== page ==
Lady Luck, the Lady Who Smiles, Our Smiling Lady

Symbol: Silver coin with Tymora’s face surrounded by shamrocks
Alignment: Chaotic good Tymora.jpg
Portfolio: Good fortune, skill, victory, adventurers

Tymora (tie-more-ah) is a friendly, graceful, and kind deity. She is fickle but playful, never vengeful or malicious, and always able to turn something to her advantage. She enjoys jokes and has been known to play tricks on some of the more rigid deities such as Helm and Tyr, but she always finds a way to soothe hard feelings.

Shrines and temples to Tymora are spread across Faerun. Her church is popular in cities frequented by adventurers, and such people fill its coffers in exchange for healing, making the temples wealthy. This wealth allows each temple a great deal of independence. The church encourages people to take chances ami pursue their dreams rather than spending all their days planning and daring nothing. The church is duty-bound to aid those that have dared by providing them with healing and minor magic items (sometimes surreptitiously) to reinforce the good fortune that comes to those that trust in Tymora. A standard greeting among the faithful is to touch holy symbols, and worshipers often embrace to do so.

Clerics of Tymora pray for their spells in the morning. The church has only two rituals common to all temples. The festival at Midsummer is a night-long revel of daring acts, romantic trysts, and meetings between members of the Harpers (many of whom belong to the church), relatives, and allied faiths. Starfall is the church’s most holy ritual. It takes place on the 23rd day of Marpenoth and is believed to commemorate the destruction of Tyche and creation of Tymora.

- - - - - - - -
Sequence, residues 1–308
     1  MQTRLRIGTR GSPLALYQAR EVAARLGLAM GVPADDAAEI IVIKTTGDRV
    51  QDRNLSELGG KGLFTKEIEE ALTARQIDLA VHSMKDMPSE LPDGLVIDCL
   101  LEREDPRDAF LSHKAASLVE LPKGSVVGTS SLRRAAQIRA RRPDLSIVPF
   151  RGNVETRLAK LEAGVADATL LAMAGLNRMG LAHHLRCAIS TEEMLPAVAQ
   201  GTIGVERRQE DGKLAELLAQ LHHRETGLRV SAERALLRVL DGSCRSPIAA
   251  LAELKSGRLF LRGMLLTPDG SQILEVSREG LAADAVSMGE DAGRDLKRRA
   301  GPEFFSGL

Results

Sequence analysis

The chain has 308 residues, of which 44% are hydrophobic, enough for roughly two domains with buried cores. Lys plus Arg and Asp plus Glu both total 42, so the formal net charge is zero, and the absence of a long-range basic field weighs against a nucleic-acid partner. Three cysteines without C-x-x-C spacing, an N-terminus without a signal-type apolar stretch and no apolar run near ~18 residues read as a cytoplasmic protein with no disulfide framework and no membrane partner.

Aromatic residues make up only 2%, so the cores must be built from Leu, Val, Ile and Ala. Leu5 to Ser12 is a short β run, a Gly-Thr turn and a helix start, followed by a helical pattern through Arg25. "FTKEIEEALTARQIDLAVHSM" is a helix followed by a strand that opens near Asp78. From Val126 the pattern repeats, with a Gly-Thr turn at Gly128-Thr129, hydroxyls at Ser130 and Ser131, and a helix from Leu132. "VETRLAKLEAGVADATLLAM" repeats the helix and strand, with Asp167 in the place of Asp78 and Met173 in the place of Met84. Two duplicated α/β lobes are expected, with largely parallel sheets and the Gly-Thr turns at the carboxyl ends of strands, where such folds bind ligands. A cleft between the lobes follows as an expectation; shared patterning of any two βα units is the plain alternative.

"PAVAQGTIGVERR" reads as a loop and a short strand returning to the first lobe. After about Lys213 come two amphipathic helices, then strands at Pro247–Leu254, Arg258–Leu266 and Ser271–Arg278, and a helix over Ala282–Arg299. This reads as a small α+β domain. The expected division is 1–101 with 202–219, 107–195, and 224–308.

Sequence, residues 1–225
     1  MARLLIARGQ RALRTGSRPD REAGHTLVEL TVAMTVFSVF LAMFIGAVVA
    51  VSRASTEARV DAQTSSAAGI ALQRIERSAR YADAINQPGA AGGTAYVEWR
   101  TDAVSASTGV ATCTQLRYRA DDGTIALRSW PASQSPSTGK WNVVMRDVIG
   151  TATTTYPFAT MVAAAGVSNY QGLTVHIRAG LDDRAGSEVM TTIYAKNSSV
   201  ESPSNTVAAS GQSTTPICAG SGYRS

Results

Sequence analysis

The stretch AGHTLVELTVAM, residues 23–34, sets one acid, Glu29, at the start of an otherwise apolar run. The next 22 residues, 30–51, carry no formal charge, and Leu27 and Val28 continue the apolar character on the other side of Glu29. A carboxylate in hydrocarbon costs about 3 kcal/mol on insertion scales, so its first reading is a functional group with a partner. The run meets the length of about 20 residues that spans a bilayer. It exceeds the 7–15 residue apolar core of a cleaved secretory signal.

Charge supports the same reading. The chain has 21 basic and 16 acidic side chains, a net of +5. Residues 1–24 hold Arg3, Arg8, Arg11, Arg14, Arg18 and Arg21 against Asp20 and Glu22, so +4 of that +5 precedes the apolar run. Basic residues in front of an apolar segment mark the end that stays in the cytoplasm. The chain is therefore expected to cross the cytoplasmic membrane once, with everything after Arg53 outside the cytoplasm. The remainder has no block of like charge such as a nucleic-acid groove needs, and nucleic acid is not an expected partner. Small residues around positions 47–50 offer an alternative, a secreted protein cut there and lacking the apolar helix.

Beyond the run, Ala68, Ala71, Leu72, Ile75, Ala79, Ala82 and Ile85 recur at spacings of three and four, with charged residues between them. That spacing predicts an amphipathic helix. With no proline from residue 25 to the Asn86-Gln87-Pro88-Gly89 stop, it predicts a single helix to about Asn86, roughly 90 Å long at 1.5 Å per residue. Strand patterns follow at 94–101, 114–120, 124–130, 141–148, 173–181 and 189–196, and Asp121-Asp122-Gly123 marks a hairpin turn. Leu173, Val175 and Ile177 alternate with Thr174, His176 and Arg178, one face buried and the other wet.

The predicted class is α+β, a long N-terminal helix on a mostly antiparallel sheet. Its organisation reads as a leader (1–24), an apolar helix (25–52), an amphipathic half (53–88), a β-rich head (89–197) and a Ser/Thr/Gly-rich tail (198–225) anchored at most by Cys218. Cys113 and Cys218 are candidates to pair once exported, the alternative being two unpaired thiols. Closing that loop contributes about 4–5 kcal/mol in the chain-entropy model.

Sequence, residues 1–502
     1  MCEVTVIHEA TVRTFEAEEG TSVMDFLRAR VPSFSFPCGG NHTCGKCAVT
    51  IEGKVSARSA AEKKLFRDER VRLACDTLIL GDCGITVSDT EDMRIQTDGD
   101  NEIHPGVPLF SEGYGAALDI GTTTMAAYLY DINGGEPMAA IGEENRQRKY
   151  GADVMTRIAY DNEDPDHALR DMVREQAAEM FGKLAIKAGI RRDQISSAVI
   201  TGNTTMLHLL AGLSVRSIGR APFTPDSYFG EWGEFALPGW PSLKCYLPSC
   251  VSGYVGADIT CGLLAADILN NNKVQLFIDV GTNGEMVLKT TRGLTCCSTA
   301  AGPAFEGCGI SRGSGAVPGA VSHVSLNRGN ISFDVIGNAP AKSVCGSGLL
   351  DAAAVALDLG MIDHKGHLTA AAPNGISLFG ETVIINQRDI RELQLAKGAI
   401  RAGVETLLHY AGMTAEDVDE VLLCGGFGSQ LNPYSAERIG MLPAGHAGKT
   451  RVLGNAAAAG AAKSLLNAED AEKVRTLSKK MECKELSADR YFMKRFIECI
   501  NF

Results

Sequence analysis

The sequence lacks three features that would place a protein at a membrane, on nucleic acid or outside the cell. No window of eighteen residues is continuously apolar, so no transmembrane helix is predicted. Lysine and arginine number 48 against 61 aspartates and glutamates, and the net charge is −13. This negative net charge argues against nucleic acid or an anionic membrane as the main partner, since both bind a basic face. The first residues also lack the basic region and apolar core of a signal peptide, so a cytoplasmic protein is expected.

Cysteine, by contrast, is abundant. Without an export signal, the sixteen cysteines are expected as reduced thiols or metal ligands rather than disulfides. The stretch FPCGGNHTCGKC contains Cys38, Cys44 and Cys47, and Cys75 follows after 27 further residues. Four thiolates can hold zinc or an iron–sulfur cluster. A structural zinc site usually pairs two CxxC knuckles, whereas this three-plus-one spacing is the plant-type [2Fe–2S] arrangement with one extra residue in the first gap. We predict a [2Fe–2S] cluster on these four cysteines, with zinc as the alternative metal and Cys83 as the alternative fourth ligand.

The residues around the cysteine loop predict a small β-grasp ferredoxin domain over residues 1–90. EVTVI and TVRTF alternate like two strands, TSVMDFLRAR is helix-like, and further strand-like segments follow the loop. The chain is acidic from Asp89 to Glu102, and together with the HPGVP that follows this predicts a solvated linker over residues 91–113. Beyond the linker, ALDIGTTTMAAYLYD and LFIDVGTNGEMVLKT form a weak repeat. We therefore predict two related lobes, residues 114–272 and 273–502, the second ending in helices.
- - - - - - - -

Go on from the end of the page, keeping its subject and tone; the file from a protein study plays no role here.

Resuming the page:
History/Relationships: Though they both sprang from the rotted husk of the former deity of luck, Tyche, Tymora is the opposite and nemesis of her twin sister, Beshaba. Friendly with most good powers and rumored to have had dalliances with several of them, she gets along particularly well with Lathander, Selune, and Shaundakul. In addition to her dark twin, she counts Bane and Loviatar as her foes.

Dogma: One should be bold, for to be bold is to live. A brave heart and a willingness to take risks beat out a carefully wrought plan nine times out of ten. Place yourself in the hands of fate and trust to your own luck. Bear and conduct yourselves as your own masters, showing your good or bad fortune as confidence in the Lady. Chase your own unique goals, and the Lady aids the chase. Without direction or goals, you soon know the embrace of Beshaba, for those on no set course are at the mercy of misfortune, which has no mercy at all.


Tales from the Silver Marches Agamon Agamon